Church and State: Two Disputedly-Valued Things that Go Terribly Together

Ok, here comes part two of my reply to Mark Shea’s post about New Atheism’s War Kinetic Military Action on Christmas.  Part one focused on the reasons you might want to think twice before you complain a group hasn’t been victimized enough by a crime to be entitled to be upset.  Now, on to the specific tactic of resolving those disputes in court.

If you hate the lawsuits, change the law

It’s one thing to contend that declaring a statewide Day of Prayer (with or without reference to a specific deity) doesn’t violate the Establishment clause, but I have no patience for Christians who acknowledge that this kind of behavior is illegal, but atheist lawsuits are worse because they’re in such poor taste.

I don’t agree with every suit the Freedom from Religion Foundation or the American Atheists file, but the merits are decided in front of a judge, not by my personal sense of propriety.  As I wrote when discussing the World Trade Center cross suit, if we only litigate the Establishment violations that are universally acknowledged as over the line, we’re doing a shoddy job of protecting the law.  If the system is working, we’ll bring some ‘obvious’ cases, some ambiguous ones, and some that provoke a lot of outcry, we’ll win and lose on the merits, and the cases can give guidance and precedent to guide government agents in future situations.

We don’t live in a common-law system.  Everyone is poorly served when we ignore bad law instead of repealing it.  If you oppose these lawsuits, join the folks who want to change the law or amend the Constitution to let the State openly endorse certain religions or religious practices.  And that way you’ll need to make an affirmative case for your change in the public square instead of sighing about how whiny and petulant the atheists are.  (We’re the reason you can’t have nice things).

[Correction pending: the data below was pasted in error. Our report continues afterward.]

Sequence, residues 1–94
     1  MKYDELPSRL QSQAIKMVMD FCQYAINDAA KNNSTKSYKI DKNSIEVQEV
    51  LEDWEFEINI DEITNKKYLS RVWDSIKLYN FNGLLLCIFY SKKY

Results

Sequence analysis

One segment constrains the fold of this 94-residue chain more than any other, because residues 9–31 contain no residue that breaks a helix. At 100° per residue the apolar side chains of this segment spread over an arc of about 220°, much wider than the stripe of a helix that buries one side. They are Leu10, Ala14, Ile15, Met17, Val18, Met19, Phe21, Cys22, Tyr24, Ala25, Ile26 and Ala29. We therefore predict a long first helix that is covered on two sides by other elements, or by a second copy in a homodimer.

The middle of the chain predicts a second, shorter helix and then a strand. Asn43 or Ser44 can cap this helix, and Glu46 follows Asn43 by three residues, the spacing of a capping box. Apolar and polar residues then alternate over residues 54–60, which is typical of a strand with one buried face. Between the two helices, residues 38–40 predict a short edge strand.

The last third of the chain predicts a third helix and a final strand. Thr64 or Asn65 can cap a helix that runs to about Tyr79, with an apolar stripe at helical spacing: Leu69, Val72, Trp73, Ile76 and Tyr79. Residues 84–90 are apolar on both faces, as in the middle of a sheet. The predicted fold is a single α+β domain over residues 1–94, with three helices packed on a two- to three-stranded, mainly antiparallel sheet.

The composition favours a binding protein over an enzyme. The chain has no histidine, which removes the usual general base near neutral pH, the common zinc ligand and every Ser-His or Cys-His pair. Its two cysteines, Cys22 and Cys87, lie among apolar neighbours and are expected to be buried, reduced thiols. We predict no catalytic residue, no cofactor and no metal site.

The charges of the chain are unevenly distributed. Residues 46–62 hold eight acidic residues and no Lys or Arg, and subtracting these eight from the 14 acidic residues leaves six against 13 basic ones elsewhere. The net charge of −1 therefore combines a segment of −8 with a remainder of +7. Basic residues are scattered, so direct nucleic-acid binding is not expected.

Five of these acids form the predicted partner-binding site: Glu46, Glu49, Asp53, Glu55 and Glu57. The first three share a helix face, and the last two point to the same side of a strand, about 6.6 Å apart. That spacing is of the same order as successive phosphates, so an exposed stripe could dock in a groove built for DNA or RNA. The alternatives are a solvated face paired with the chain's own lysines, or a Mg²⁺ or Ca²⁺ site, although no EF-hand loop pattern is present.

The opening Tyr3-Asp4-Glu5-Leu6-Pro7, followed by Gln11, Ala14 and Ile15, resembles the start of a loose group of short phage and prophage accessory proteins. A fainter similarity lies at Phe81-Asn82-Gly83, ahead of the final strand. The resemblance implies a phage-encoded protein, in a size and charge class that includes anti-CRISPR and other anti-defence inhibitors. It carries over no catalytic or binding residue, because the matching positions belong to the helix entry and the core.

Seriously, Church/State crossover is bad for you guys too

If I had a nickel for every time this month I saw a Catholic blogger complain the penitential spirit of Advent had been eclipsed by the commercialist spirit  of American-style Christmas, I’d have enough money to buy my own Official Red Ryder Carbine-Action Two-Hundred-Shot Range Model Air Rifle.

When government appropriates religion, its ecumenical vision tends to look a lot like Moral Therapeutic Deism.  It’s all pablum and satisfaction with the status quo and none of the demands that (right or wrong) makes the truth of a religion a consequential question.  Bland state-sponsored worship will almost always eschew the intense blood-and-humor attitude Shea champions in favor of boring old warm fuzzies.

And your religion’s not likely to do much better if it gets enough power to impose the nuances of its faith by fiat.  Conversions under duress tend not to ‘count’ in most soteriologies and are arguably blasphemous.  Yoking spiritual and moral guidance to all the unpleasant compromises required to administer a government tends to engender cynicism.

So, by all means have your church evangelize and organize public shows of faith, but recognize that if your parishoners  or targets are depending on the governor of Arizona to feel spiritually fed, you’ve already lost them (and deservedly so).

About Leah Libresco

Leah Anthony Libresco graduated from Yale in 2011. She works as a statistician for a school in Washington D.C. by day, and by night writes for Patheos about theology, philosophy, and math at www.patheos.com/blogs/unequallyyoked. She was received into the Catholic Church in November 2012."

  • No One Important

    You’ve nailed it! Obviously, those who are advocating for Catholicism (or any other form of Christianity) are finding that they are not making their case successfully. Ergo, the “commercialization” of Christmas. Rather than admit that they need to fine-tune their evangelizing skills or perhaps abandon them in favor of other methods that might work better, they’re settling for blaming others. And it’s not even that they want state sponsorship of religion, really, because that would unleash a whole new set of problems that would need to be addressed. It’s simply that they won’t admit that their arguments are unpersuasive.

  • Lukas Halim

    I agree that, “Yoking spiritual and moral guidance to all the unpleasant compromises required to administer a government tends to engender cynicism.” My beef with the liberals is that the liberal project of expanding the governmennt ends up having a crowding out effect on other institutions – family, free associations, and churches. Also, as the government controls a larger portion of the economy, it is more difficult to keep church and state separate.